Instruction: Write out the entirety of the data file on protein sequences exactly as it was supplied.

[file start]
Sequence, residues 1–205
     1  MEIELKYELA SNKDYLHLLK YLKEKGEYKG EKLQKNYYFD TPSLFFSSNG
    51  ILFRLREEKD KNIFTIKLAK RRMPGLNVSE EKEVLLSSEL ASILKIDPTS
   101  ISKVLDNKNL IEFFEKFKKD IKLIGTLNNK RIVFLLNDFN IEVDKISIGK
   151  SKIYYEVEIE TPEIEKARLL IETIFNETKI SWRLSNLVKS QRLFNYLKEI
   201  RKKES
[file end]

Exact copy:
Sequence, residues 1–205
     1  MEIELKYELA SNKDYLHLLK YLKEKGEYKG EKLQKNYYFD TPSLFFSSNG
    51  ILFRLREEKD KNIFTIKLAK RRMPGLNVSE EKEVLLSSEL ASILKIDPTS
   101  ISKVLDNKNL IEFFEKFKKD IKLIGTLNNK RIVFLLNDFN IEVDKISIGK
   151  SKIYYEVEIE TPEIEKARLL IETIFNETKI SWRLSNLVKS QRLFNYLKEI
   201  RKKES